By Maralisa Marra
Among other updates, Thrasher Project Manager, Kylea Radcliff told the Harrison County Commission last week that the sanitary sewer project expanding services to 400 new customers in the Enterprise area is nearly complete, and that they would be submitting applications for federal funding for several sewer and water projects elsewhere in the county.
The Commission met to hash out a hefty agenda on June 8. Amongst some of the items on the agenda was an update on water and sewer projects in the county from Radcliff.
“We have about 1,000 feet left on the Enterprise sanitary sewer project, which was about an $8.6 million job that got sewer service in Enterprise, West Virginia,” Radcliff said, “The commission has worked diligently on getting that project done.”
She also said that Enterprise had been rated by the DEP as one of the worst areas in the state for sewer service. The majority of Enterprise residents rely on septic systems or directly discharge into local streams or tributaries of the West Fork, according to the DEP Intended Use Plan.
With the completion of the Enterprise project, Radcliff said it adds about another 400 customers to the district sewer system.
She also said that the phase two Route 73 sanitary sewer project is substantially complete. This phase consisted of the Clarksburg Country Club and Laurel Park, as well as the service that begins at the Auto Auction and runs to the Route 73 corridor with construction of a new 100,000 gallon per day wastewater treatment plant in the area from the Route 73 corridor to Boothsville.
The new wastewater plant in this area uses ultraviolet disinfection, and the Route 73 to Boothsville project alone serviced nearly 800 new customers, according to Radcliff. A UV disinfection system transfers electromagnetic energy from a mercury arc lamp to an organism’s genetic material (DNA and RNA), and when the UV radiation penetrates the cell wall of an organism, it destroys the cell’s ability to reproduce, according to the US Environmental Protection Agency.
She also informed the council that they are finishing up a water line extension on Stevens Run Road off of Route 20 that was 100% grant funded.
“So that entire road [Stevens Run] will now have water service,” Radcliff said.
Radcliff also updated the commission on future plans.
On June 10, Greater Harrison County PSD will be submitting an application to the West Virginia Infrastructure Jobs Development Council for the Quiet Dell Route 20 sanitary project which includes a new 250,000 gallon per day wastewater treatment plant.
Radcliff also said, “I’m happy to announce that as of Friday last week [June 3], the PSD now owns the property that the new wastewater treatment plant will be located on. We were able to work out an agreement with the property owner and purchase that property ahead of time, which is great.”
They will be submitting this application with “the county’s funds as leverage to seek grant dollars through the Infrastructure Council, the Clean Water SRF program, which is a fund allocated through the EPA, as well as trying to tap into the newly created Economic Enhancement Grant which was allocated through House Bill 4566,” according to Radcliff.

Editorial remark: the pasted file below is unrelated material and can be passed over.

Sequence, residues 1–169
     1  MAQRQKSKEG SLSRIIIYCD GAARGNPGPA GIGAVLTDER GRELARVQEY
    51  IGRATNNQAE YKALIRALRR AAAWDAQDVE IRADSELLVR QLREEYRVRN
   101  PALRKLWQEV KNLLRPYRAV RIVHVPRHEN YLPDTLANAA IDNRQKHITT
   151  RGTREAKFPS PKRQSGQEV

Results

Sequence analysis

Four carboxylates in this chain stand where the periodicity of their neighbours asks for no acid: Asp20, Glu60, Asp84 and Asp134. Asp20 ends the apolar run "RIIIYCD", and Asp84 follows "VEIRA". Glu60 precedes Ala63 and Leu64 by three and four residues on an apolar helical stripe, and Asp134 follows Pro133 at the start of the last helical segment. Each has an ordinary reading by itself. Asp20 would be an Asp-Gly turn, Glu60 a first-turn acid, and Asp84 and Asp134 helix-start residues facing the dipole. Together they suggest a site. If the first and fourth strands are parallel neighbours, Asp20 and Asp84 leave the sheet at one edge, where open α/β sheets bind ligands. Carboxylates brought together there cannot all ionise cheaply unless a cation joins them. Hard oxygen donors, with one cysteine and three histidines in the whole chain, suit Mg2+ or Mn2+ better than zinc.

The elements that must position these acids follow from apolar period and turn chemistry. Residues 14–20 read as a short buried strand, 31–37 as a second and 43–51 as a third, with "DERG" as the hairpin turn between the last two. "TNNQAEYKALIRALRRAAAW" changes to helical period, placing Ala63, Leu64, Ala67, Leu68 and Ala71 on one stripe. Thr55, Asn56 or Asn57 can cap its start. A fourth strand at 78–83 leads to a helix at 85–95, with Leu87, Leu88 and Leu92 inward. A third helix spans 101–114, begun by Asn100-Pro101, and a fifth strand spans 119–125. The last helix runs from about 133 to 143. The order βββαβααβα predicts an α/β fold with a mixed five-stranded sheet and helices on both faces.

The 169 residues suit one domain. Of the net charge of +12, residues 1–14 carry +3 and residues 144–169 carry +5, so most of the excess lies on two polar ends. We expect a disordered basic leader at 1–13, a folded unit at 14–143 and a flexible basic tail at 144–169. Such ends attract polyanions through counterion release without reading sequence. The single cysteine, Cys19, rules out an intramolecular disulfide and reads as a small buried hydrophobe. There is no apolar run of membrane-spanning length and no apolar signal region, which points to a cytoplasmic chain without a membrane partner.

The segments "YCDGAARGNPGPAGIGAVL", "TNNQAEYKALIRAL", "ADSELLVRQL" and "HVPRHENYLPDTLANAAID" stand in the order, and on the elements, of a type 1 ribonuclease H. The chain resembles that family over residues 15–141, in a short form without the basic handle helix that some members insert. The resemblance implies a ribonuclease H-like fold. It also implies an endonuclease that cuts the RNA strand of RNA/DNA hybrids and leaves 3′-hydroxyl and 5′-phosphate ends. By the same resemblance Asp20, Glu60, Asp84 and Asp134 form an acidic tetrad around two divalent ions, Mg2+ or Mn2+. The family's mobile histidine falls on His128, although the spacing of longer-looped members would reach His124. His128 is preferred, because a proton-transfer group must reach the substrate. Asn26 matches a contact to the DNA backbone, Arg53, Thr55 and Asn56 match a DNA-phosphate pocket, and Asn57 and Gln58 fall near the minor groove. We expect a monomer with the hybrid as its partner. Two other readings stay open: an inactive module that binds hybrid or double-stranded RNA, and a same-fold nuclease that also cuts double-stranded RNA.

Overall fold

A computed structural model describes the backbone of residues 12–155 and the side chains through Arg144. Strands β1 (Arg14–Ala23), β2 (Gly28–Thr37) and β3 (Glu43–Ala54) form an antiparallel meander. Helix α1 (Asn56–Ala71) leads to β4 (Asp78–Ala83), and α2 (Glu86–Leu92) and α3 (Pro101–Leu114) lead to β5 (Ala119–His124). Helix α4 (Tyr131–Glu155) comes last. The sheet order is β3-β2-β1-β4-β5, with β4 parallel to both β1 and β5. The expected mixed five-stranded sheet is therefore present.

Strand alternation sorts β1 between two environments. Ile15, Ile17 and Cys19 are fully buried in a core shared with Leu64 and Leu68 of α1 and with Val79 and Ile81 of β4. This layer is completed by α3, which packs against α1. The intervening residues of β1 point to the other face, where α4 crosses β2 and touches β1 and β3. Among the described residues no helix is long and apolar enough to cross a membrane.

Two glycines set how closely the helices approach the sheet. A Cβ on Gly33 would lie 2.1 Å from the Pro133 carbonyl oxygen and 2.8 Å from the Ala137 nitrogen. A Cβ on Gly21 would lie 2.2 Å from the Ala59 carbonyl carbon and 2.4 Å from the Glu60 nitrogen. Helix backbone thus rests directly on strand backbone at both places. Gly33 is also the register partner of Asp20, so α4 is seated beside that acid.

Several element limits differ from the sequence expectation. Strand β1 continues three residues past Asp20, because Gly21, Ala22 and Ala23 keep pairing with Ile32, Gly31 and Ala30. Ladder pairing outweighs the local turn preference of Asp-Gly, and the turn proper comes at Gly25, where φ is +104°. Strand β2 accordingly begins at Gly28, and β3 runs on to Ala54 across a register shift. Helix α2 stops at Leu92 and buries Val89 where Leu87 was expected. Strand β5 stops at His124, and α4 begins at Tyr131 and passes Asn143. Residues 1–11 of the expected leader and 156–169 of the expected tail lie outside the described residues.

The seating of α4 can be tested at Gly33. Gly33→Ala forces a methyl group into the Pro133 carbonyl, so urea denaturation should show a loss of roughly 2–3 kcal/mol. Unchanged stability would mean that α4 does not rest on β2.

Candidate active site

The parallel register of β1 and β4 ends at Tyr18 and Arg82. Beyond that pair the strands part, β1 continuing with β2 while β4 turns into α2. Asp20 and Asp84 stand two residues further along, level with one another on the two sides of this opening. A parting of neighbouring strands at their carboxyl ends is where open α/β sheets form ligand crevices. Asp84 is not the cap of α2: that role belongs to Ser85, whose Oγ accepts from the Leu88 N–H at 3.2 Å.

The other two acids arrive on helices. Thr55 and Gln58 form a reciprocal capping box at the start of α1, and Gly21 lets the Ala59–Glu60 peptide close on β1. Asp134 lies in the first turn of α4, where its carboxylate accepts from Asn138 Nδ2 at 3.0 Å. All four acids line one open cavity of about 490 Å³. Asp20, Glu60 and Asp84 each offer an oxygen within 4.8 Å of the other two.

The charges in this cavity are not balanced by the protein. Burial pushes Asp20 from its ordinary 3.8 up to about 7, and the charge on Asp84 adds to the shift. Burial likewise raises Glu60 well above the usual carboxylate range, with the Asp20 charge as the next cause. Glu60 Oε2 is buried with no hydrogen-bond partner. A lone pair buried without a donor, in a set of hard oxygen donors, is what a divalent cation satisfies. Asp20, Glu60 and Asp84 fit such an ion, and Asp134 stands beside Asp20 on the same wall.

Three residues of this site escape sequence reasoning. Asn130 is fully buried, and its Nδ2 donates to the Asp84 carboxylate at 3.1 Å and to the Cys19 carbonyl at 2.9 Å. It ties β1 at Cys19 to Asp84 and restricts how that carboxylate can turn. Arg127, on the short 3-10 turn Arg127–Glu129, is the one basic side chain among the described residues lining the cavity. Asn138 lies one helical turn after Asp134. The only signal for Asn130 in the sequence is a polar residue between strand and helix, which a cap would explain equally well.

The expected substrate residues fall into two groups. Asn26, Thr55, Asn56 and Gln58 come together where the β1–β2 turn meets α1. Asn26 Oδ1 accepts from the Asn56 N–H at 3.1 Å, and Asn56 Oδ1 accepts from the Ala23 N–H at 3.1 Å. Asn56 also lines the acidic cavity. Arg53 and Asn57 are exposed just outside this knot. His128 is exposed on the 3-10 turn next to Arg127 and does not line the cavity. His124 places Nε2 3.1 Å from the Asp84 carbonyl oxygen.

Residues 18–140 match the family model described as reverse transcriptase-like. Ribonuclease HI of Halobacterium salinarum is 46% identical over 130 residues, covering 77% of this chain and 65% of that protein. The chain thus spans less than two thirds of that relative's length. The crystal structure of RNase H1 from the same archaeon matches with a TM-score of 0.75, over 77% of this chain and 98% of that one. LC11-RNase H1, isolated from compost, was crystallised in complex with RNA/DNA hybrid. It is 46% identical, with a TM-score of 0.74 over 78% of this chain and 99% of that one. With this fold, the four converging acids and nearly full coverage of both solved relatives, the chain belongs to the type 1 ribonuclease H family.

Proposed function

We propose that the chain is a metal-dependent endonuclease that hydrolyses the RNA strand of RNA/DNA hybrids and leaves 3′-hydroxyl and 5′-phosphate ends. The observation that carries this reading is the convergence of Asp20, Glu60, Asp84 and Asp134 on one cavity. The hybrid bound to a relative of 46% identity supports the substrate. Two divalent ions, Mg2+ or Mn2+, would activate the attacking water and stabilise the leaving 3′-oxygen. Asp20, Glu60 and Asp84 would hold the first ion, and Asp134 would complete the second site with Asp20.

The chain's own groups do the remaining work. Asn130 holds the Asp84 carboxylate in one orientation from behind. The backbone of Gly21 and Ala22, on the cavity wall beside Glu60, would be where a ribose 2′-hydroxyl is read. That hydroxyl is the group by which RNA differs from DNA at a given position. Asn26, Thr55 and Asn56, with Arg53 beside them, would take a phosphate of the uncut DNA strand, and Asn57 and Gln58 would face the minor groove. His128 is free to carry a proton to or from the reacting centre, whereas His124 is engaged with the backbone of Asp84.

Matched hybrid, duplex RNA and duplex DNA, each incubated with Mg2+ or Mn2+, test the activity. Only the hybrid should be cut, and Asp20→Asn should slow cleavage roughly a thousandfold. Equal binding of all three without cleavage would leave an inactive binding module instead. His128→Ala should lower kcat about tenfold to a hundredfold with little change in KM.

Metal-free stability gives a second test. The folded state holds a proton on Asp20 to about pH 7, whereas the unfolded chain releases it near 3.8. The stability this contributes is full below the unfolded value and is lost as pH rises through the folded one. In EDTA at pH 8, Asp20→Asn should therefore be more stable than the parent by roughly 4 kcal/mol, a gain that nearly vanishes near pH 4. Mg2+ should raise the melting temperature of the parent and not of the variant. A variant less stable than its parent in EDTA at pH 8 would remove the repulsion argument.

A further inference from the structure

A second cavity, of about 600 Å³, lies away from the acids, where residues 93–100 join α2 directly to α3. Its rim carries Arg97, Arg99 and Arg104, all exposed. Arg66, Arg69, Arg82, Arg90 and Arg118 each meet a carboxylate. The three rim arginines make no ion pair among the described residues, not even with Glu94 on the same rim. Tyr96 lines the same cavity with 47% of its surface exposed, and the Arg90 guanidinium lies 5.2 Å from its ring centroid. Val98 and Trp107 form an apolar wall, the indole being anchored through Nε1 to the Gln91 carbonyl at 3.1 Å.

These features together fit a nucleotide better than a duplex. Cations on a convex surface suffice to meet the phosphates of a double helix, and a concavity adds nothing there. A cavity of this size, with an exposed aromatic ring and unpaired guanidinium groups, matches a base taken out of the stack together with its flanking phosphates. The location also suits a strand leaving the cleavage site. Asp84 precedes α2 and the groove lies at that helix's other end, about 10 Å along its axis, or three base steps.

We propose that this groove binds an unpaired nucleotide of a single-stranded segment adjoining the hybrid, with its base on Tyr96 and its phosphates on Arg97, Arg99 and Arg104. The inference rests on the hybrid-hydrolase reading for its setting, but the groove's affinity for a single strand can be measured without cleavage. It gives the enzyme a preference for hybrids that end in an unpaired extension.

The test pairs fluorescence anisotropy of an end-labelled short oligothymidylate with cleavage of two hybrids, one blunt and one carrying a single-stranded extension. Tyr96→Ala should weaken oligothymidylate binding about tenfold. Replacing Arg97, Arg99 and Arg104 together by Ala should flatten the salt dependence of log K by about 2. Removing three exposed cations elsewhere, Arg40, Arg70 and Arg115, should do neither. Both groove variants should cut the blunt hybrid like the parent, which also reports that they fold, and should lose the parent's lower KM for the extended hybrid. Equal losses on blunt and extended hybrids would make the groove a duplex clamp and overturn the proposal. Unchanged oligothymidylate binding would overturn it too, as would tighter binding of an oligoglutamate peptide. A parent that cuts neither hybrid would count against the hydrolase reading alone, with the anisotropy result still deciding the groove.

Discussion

The Economic Enhancement Grant is a fund consisting of $250 million that state officials set up for federal American Rescue Plan Act infrastructure money.
She said certain criteria that has to be met to attain these funds, but she said there is support from the community and other agencies in the area. They have had some legislative letters of support written for this project, Radcliff said.
“We are going to do our best to get other grant funds and kind of match the county’s funds with some of that $250 million with some other agencies to create a sanitary sewer project in the Quiet Dell area,” Radcliff said.
They are also seeking funds for an overall water project for the Greater Harrison PSD which will try to tap into some of the Economic Enhancement Grant funds to expand service throughout Harrison County, according to Radcliff.
The Coon’s Run PSD is now under managerial contract “with the intention of merging with the Greater Harrison County PSD,” Radcliff said.
She also said there are some upgrades that are necessary to the Coon’s Run system. The original line connection to Monongah needs to be replaced, and Radcliff said there are some sections that are in critical need of replacement to make sure water can pass through.
Radcliff said they are hopeful that the application going in on June 10 will help to improve the infrastructure, as well.
Radcliff also works with the Sun Valley Public Service District, and she said they are hoping to use some of the county’s funds to improve the infrastructure of that area, too. She said there are some sanitary sewer extension areas that were cut off from the original Sun Valley extension project that was done about 10 years ago.
The Sun Valley project would extend service to areas that are in need of public sewer as well as upgrades to some of the facilities.
She said the application for funding for this project would be turned in on June 10, as well.
“That commitment to infrastructure is really going to sustain future growth, not just commercially or industrially, but also for residential…if you can continue to position Harrison County to be the county where people can work and live, that will continue to grow and sustain the county’s prosperity,” Radcliff said.